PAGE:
'We're the real Games losers,' say India slum dwellers
Muhammed Saleem and his family live in a small wooden shack in the suburb of Bawana, an hour by car north of the Indian capital Delhi.
In India, Bawana is known as a slum. It has high levels of unemployment and diseases such as malaria and typhoid are common.
Huge piles of rubbish sit uncollected around the town and raw sewage sits stagnant in the streets.
Mr Saleem was moved here in 2004 as part of a government relocation plan.
His former home was in the Yamuna Pushta district of Delhi which is now the site of the athletes' village for the Commonwealth Games.
He claims the government promised him a plot of land in Bawana but he is still living in a row of wooden huts on a temporary site on the edge of the town.
"Life was better before. There were hospitals and the roads were better there. There are no jobs here and crime has increased," Mr Saleem says.
"We're happy the Games are in India but we haven't benefited at all."
Mr Ali lives in one of Bawana's brick houses. He shares a small, cramped room with 15 members of his family.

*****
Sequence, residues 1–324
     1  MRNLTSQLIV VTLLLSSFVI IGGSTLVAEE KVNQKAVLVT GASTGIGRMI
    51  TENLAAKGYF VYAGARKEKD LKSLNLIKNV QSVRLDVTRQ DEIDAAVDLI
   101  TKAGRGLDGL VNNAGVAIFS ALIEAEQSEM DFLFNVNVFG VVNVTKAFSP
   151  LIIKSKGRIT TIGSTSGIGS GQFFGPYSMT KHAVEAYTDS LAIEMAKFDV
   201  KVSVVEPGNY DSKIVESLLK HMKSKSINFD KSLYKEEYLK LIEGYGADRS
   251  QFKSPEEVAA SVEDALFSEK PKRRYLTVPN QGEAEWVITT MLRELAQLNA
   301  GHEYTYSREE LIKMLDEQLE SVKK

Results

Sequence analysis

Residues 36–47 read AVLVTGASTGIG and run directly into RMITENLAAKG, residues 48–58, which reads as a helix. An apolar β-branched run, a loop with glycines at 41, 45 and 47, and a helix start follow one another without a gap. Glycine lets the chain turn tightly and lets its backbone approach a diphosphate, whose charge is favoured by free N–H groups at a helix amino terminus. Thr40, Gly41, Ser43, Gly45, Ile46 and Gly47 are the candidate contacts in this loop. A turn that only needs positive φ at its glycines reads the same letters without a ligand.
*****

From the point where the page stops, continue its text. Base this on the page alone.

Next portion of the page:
He is one of the slum's young entrepreneurs, making wooden drums from mango trees which he sells in central Delhi.
Since he was relocated, his journey into the city takes more than two hours by bus.
Despite that, Mr Ali is enthusiastic about India hosting the Commonwealth Games.
"I am very pleased. I will welcome all people from other countries to Delhi."
It is estimated that India has spent around $6bn on the Commonwealth Games, improving the infrastructure and sporting venues around Delhi.
The relocation of poor families from parts of Delhi was part of the government's beautification drive, ahead of the Games.
It says that thanks to the Games, 26 new flyovers and 18 railway bridges have been built at a cost of $1.4bn.
It also says that it will provide flats to those evicted, and spend $5,000 per family. But critics say little of that money has been provided.
In Bawana's clinic, Dr Zaki Ahmed believes the idea of beautifying the Indian capital is flawed.
He says life was much better before he was moved and in Bawana there are not enough medicines and medical facilities for a total population of more than 20,000 people.
"The whole beautification plan for Delhi is a farce. Once the Games are over, Delhi will be the same as it was before."
The local councillor for Bawana, Narayan Singh, says the relocation of families has nothing to do with the beautification of Delhi.
A member of the opposition Bharatiya Janata Party, Mr Singh claims it is about giving families a plot of land to build their homes.
But like Muhammed Saleem, dozens of families still live in temporary shacks on the edge of the town.
Most people in Bawana are proud that India is hosting such a big sporting event, but many are angry and feel they have been forgotten, blaming politicians for broken promises.